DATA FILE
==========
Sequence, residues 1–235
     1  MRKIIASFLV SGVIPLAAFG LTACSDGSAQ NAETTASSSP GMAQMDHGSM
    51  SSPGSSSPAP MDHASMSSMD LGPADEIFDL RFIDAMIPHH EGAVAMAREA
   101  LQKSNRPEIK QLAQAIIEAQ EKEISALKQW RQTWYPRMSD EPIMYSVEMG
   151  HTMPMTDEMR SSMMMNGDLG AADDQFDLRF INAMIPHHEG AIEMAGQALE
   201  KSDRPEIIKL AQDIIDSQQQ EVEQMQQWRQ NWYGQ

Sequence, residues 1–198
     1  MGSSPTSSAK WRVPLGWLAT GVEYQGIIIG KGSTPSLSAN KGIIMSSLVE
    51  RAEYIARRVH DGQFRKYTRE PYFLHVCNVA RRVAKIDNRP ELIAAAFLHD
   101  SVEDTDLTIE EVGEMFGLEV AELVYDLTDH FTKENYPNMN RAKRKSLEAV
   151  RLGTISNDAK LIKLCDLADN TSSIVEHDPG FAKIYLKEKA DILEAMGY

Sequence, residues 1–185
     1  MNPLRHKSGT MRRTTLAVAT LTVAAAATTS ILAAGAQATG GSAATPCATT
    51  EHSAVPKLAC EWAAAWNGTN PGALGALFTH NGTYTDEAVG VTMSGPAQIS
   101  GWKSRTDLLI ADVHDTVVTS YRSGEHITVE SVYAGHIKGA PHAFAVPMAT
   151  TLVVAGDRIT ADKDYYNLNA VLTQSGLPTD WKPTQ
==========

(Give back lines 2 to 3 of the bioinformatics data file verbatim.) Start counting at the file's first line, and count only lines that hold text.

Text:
     1  MRKIIASFLV SGVIPLAAFG LTACSDGSAQ NAETTASSSP GMAQMDHGSM
    51  SSPGSSSPAP MDHASMSSMD LGPADEIFDL RFIDAMIPHH EGAVAMAREA